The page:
A camera buff's perfect sunrise dawned at Rowena Crest a few days ago, but I missed it.
I spent 20 minutes pestering a motel clerk in The Dalles about a bill that confused me.
Finally, I accepted the verdict, mumbled, "Well, all right," and we left.
So, by the time Darlene, Nora the Schnauzer and I reached the bluff, the morning's vivid orange ball filled my lens.
A few shots, including those of the Rowena highway loop road, turned out OK, however.
We missed a perfect sunrise, I guess, but we still had a promising start on the day's tour of Historic Columbia River Highway waterfalls.
A paperback tome titled, "A Waterfall Lovers' Guide, Pacific Northwest," lists falls in 14 regions.
It lists the Columbia Gorge as the smallest region of the 14, yet it tabs the Gorge as having the greatest "density of waterfalls" in the Northwest.
The Gorge proudly boasts 115 "recognized" waterfalls in its 1,700 square miles.
Alas, that's too many falls to explore in one day, even if you start at sunrise from The Dalles.
Nevertheless, we left Rowena Crest with a plan and joined Interstate 84's westward flow.
The original scenic Highway 30, a project completed over a nine-year period (1913-1922), opened in 1916.
Only two sections of that route, shaded by lush greenery and covering about 50 miles, may be driven today.
Going west, one section stretches from The Dalles, over Rowena Crest, to the town of Mosier. The other extends from near I-84's Exit 35 to Exits 18 or 17 near Troutdale.
Anyway, anxious to visit Multnomah Falls for the first time, we rolled onto I-84.
We expected to take Exit 35 and the historic route to the popular section of waterfalls and other historic sites on the way to Lewis & Clark State Park or Troutdale.
We originally planned stops at Ponytail Falls (also called Upper Horsetail Falls), Horsetail Falls, Oneonta Falls, Multnomah Falls, Wahkeenah Falls, Bridal Veil Falls, Shepherds Dell Falls, Latourell Falls, Crown Point/Vista House and Portland Women's Forum State Park Viewpoint.
Looking wide-eyed for a restroom, however, we adjusted and scooted from the highway at Exit 37. We found one at Ainsworth State Park.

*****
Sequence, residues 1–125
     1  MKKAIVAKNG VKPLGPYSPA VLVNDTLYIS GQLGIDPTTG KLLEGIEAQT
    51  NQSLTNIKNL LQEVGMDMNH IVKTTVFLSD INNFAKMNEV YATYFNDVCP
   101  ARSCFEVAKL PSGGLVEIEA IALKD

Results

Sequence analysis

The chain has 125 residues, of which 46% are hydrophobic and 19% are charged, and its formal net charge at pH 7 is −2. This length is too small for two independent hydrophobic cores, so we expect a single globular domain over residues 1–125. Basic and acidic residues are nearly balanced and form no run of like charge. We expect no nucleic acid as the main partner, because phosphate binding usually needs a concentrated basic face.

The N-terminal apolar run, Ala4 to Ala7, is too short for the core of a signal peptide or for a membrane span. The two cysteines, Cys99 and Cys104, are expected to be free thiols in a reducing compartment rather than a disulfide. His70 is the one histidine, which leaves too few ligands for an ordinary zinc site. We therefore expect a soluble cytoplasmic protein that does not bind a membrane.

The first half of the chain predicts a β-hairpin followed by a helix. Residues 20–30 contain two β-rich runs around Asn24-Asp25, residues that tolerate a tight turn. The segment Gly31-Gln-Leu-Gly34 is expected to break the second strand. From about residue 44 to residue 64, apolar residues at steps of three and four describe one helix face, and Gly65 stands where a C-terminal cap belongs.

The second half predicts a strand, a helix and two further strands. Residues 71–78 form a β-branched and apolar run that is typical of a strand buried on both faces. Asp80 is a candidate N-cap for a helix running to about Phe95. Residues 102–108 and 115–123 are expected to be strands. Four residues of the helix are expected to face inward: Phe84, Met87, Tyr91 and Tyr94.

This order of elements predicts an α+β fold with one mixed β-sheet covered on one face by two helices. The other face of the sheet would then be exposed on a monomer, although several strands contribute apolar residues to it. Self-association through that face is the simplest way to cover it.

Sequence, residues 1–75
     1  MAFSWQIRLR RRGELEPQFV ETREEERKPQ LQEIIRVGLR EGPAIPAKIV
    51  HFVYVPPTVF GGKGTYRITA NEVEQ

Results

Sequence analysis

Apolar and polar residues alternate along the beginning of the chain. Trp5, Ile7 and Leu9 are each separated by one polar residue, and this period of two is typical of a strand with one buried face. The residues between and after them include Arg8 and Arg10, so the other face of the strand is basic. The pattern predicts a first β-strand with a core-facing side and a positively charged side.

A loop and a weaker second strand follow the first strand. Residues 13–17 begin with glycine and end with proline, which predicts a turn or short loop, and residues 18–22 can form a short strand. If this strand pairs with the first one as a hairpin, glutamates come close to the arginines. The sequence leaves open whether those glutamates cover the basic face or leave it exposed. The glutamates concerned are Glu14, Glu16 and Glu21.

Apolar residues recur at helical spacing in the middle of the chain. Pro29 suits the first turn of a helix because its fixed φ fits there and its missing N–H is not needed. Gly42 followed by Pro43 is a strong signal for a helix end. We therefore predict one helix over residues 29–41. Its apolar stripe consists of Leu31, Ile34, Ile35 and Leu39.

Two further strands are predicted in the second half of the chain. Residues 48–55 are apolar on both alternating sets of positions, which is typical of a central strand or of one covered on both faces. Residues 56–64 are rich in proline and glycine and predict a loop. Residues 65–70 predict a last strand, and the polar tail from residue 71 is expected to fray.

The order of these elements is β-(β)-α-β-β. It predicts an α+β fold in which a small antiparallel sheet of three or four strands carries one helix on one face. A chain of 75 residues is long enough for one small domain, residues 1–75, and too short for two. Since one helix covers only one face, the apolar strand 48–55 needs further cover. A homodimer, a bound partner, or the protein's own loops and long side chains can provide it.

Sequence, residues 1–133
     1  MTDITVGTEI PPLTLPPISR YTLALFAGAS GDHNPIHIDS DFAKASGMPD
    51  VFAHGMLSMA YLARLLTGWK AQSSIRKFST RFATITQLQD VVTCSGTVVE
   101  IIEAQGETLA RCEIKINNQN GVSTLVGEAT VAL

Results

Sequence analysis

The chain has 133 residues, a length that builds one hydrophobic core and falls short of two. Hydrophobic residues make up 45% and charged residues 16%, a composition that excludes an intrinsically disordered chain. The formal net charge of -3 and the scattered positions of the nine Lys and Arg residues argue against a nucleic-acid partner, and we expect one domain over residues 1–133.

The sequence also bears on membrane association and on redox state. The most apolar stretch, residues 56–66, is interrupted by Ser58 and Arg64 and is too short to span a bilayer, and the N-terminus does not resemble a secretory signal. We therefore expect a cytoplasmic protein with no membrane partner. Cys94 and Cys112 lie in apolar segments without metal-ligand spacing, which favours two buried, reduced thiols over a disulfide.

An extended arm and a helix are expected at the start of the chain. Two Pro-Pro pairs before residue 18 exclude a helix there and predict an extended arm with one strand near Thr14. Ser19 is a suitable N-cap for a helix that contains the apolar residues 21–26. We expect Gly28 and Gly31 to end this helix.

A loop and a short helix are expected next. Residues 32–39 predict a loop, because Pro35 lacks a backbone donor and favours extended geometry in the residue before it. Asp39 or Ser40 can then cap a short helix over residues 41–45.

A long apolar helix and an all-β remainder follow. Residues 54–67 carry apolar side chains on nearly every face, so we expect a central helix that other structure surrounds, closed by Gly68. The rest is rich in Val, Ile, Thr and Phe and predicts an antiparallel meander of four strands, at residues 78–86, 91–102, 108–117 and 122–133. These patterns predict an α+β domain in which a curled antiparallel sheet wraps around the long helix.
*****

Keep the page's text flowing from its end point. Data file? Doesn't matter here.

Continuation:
From there we passed the half-mile trail to Ponytail Falls and stopped at 176-foot-high Horsetail Falls.
Two empty cars sat in the parking area, but we saw no other people.
I looped a camera strap on each shoulder and snapped an eager Nora to her leash. We crossed the road and stood at the pool's rocky edge. The shiny falls plunged into a dark pool. Yellow and green leaves soaked in the dark water.
I sat among the dark, beach-ball-sized stones to snap photos of the falling water against the green lichen-mottled gray cliff. I watched silently for a long time.
When Nora's leash tangled around my right leg, I unsnapped her. She rushed into the water barely up to her belly and posed on a rock.
I called her back and toweled her somewhat before putting her in the wagon.
We drove two minutes to the scenic road over Oneonta Gorge and stopped again.
A sign called the gorge a "Secret Garden" that contains "shade-tolerant ferns, mosses and lichens showering in the rainbow droplets from springs and waterfalls."
The sign also illustrates Oregon bolandra with "spiky purple petals" that exists only in the Columbia Gorge and the Snake River Canyon.
We saw no Oregon bolandra, but we saw a handsome, shiny banana slug that Nora sniffed briefly.
From there we passed the half-mile trail to Lower Oneonta Falls, about 50-to-70 feet high, and the nearly two-mile hike to 75-foot Upper Oneonta Falls.
We had dilly-dallied too much after the slow start, and we planned to spend plenty of time at Multnomah Falls with its famous lodge and gift shop.
We definitely didn't want to miss what promised to be a camera buff's ideal sunset upon the Columbia River and the Vista House at Crown Point viewed from the Portland Women's Forum State Park Viewpoint.
gt;We could hardly wait.
Editor's note: Part 2 of this report about Oregon waterfalls along a section of the Historic Columbia River Highway will appear in this spot next Wednesday.